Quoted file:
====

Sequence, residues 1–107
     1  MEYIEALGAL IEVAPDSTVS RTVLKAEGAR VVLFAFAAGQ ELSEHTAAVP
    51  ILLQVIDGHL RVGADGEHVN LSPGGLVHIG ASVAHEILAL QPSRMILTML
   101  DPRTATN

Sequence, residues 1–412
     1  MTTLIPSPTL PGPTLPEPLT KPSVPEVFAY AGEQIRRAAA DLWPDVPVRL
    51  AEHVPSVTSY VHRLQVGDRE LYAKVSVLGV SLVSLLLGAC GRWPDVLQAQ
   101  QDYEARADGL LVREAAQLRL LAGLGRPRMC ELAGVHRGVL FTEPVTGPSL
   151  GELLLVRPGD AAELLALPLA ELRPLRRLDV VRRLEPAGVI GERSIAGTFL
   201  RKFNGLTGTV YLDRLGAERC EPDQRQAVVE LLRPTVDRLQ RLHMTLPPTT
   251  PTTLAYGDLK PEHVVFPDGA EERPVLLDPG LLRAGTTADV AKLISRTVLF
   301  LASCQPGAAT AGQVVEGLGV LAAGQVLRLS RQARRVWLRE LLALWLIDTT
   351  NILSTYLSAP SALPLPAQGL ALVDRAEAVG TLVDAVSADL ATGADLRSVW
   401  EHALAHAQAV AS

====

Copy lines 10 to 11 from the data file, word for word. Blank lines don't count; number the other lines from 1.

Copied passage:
   201  RKFNGLTGTV YLDRLGAERC EPDQRQAVVE LLRPTVDRLQ RLHMTLPPTT
   251  PTTLAYGDLK PEHVVFPDGA EERPVLLDPG LLRAGTTADV AKLISRTVLF